Semiconductor device 60 also includes a heat spreader 71 overlying chip 11 and chip mount 61. A coupling layer 72 formed from a thermally conductive material, e.g., an epoxy, a thermal grease, etc., thermally and mechanically couples heat spreader 71 to back surface 14 of chip 11. Coupling layer 72 also couples heat spreader 71 to back surface 63 of chip mount 61. Semiconductor device 60 further includes an underfill 74 between front surface 62 of chip mount 61 and a portion 85 of major surface 82 of circuit board 81. Like underfill 27 between chip 11 and circuit board 81, underfill 74 is preferably made of an electrically insulative and thermally conductive material, e.g., a thermally conductive epoxy. Underfill 74 can also be made of thermal grease. Underfill 74 thermally and mechanically couples chip mount 61 to circuit board 81. Underfilling chip mount 61 can be performed either in the same process as or in a separate process from underfilling chip 11.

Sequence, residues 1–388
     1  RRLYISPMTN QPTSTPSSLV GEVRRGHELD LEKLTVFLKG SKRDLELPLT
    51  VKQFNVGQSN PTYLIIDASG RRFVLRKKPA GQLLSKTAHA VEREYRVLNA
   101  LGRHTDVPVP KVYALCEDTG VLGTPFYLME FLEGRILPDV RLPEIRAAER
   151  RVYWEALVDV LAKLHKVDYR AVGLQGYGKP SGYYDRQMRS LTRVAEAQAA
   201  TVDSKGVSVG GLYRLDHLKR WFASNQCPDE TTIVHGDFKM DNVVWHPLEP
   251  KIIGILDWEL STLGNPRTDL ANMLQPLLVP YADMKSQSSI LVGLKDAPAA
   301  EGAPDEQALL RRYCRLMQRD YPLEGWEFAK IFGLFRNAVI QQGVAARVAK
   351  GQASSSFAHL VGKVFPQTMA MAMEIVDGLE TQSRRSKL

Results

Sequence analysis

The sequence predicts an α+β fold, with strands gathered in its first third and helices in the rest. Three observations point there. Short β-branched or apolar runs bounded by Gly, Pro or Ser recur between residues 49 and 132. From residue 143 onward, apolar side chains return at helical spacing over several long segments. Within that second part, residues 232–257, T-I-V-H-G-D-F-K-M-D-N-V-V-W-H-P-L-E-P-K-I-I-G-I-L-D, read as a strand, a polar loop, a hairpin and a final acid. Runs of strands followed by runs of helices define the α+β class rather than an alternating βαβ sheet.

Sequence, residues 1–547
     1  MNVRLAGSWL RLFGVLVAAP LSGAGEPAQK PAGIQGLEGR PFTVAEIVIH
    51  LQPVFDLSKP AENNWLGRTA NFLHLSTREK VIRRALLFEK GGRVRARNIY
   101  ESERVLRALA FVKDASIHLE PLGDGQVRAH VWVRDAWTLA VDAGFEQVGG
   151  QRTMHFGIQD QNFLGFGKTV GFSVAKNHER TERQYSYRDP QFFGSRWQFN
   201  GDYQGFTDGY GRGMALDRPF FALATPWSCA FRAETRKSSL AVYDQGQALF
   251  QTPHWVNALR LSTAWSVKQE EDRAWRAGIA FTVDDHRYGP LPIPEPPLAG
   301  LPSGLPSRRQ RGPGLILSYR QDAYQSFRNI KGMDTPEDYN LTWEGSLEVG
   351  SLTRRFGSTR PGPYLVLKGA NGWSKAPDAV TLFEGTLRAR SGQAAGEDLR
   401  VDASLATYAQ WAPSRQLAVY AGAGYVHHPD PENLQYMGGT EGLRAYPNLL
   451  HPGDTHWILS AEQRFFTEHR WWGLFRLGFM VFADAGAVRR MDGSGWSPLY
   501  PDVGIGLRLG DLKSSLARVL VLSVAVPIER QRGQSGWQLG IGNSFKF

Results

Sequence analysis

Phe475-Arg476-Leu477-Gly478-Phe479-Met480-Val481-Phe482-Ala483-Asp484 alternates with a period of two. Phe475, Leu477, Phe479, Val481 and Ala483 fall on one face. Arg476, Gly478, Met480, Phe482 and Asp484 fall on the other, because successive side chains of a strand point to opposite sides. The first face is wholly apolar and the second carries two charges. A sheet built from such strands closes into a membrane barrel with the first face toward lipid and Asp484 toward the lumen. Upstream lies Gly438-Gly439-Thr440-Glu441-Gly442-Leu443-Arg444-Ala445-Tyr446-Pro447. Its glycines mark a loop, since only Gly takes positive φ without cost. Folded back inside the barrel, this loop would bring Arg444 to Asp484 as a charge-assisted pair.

By way of example, the thickness of the heat spreader 71 is between approximately 200 μm and approximately 800 μm. The profile of semiconductor device 60 is slightly higher than that of a conventional semiconductor device in a chip on board package and much lower than that of a prior art semiconductor device having a heat sink mounted to the back surface of the semiconductor chip. In semiconductor device 60, there are three thermal conduction paths through which the heat generated in chip 11 dissipates, one from chip 11 to circuit board 81 via front surface 12 of chip 11, one from chip 11 to chip mount 61 via the sidewalls of chip 11, and one from chip 11 to heat spreader 71 via back surface 14 of chip 11. The heat transferred to heat spreader 71 is further transferred to chip mount 61 through a thermal conduction path from heat spreader 71 to chip mount 61 via back surface 63 of chip mount 61. The heat transferred to chip mount 61 further dissipates through a thermal conduction path from chip mount 61 to circuit board 81 via front surface 62 of chip mount 61. Chip mount 61 and heat spreader 71 greatly improve the heat dissipation efficiency of semiconductor device 60, thereby enhancing the thermal performance of semiconductor device 60 without significantly increasing its profile. Semiconductor device 60 can be used in relatively high power applications.